Koizumi J, Yoshida Y, Nakazawa T, et al: Experimental studies of ischemic brain edema, I: a new experimental model of cerebral embolism in rats in which recirculation can be introduced in the ischemic area. Jpn J Stroke 1986; 8:1—8
 
.
Kugawa F, Ueno A, Aoki M: Apoptosis of NG108—15 cells induced by buprenorphine hydrochloride occurs via the caspase-3 pathway. Biol Pharm Bull 2000; 23:930—935
 
.
Kugawa F, Arae K, Ueno A, et al: Buprenorphine hydrochloride induces apoptosis in NG108—15 nerve cells. Eur J Pharmacol 1998; 347:105—112
 
.
Zabramski JM, Spetzler RF, Selman WR, et al: Naloxone therapy during focal cerebral ischemia evaluation in a primate model. Stroke 1984; 15:621—627
 
.
Kusomoto K, Mackay KB, McCulloch J: The effect of the kappa-opioid receptor agonist CI-977 in a rat model of focal cerebral ischemia. Brain Res 1992; 576:147—151
 
.
Baskin DS, Widmayer MA, Browning JL, et al: Evaluation of delayed treatment of focal cerebral ischemia with three selective kappa-opioid agonists in cats. Stroke 1994; 25:2047—2054
 
.
Krumins SA, Faden AI: Traumatic injury alters opiate receptor binding in spinal cord. Ann Neurol 1986; 19:498—501
 
.
Herman BH, Goldstein A: Antinociception and paralysis induced by intrathecal dynorphin A. J Pharmacol Exp Ther 1985; 232:27—32
 
.
Faden AI, Molineaux CJ, Rosenberger JG, et al: Increased dynorphin immunoreactivity in spinal cord after traumatic injury. Regul Pept 1985; 11:35—41
 
.
Scavini S, Rozza A, Bo P, et al: Opioid receptor changes and neurophysiological alterations during cerebral ischemia in rabbits. Stroke 1990; 21:943—947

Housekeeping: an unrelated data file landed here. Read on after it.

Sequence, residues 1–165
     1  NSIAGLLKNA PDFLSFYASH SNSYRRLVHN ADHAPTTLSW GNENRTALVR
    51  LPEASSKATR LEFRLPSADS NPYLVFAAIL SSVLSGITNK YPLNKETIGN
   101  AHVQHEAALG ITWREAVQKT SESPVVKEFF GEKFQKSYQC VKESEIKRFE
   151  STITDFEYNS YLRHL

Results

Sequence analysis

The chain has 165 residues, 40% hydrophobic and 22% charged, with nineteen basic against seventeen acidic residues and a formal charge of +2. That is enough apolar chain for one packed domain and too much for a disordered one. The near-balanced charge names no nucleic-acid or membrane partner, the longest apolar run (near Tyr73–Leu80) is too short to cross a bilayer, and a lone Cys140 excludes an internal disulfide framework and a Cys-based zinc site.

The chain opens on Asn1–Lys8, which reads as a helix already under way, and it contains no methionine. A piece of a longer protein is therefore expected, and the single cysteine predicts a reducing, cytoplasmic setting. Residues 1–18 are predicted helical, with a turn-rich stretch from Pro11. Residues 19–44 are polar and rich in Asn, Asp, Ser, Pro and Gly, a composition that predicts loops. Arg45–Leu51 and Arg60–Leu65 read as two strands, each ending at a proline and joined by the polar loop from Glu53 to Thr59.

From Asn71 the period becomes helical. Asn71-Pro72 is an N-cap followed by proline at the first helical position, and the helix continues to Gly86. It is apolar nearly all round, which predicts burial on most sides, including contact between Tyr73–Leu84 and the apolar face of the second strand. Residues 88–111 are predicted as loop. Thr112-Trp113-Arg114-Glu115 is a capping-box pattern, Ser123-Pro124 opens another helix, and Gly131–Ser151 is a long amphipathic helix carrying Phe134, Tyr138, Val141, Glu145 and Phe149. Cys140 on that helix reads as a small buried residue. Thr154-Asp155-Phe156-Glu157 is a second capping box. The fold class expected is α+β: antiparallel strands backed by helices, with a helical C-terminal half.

.
Fallis RJ, Fisher M, Lobo RA: A double blind trial of naloxone in the treatment of acute stroke. Stroke 1984; 15:627—629
 
.
Perraro F, Tosocini G, Pertoldi F, et al: Double-blind placebo controlled trial of naloxone on motor deficits in acute cerebrovascular disease. Lancet 1984; 1:915
 
.
Clark WM, Raps EC, Tong TC, et al: Cervene (nalmefene) in acute ischemic stroke: final results of a phase III efficacy study. Stroke 2000; 31:1234—1239
 

FIGURE 1. Laser Doppler Flow Measurements Above the Middle Cerebral Artery Territory

FIGURE 2. Reproducible Brain Infarcts
TABLE 1. Arterial Blood Gases, pH and Hemoglobin Analysis Between the Control and Buprenorphine-Treated Animals
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References

.
Cowan A, Lewis JW, MacFarlane IR: Agonist and antagonist properties of buprenorphine, a new antinociceptive agent. Br J Pharmacol 1977; 60:537—545
 
.
Heel RC, Brodgen RN, Speight TM, et al: Buprenorphine: a review of its pharmacological properties and therapeutic efficacy. Drugs 1979; 17:81—110
 
.
Neiman J, Haapaniemi HM, Hillbom M: Neurological complications of drug abuse: pathophysiological mechanisms. Eur J Neurol 2000; 7:595—606
 
.
Bartolomei F, Nicoli F, Swiader L, et al: Ischemic cerebral vascular stroke after heroin sniffing: a new case. Presse Med 1992; 6:983—986
 
.
Jensen R, Olsen TS, Winther BB: Severe non-occlusive ischemic stroke in young heroin addicts. Acta Neurol Scand 1990; 81:354—357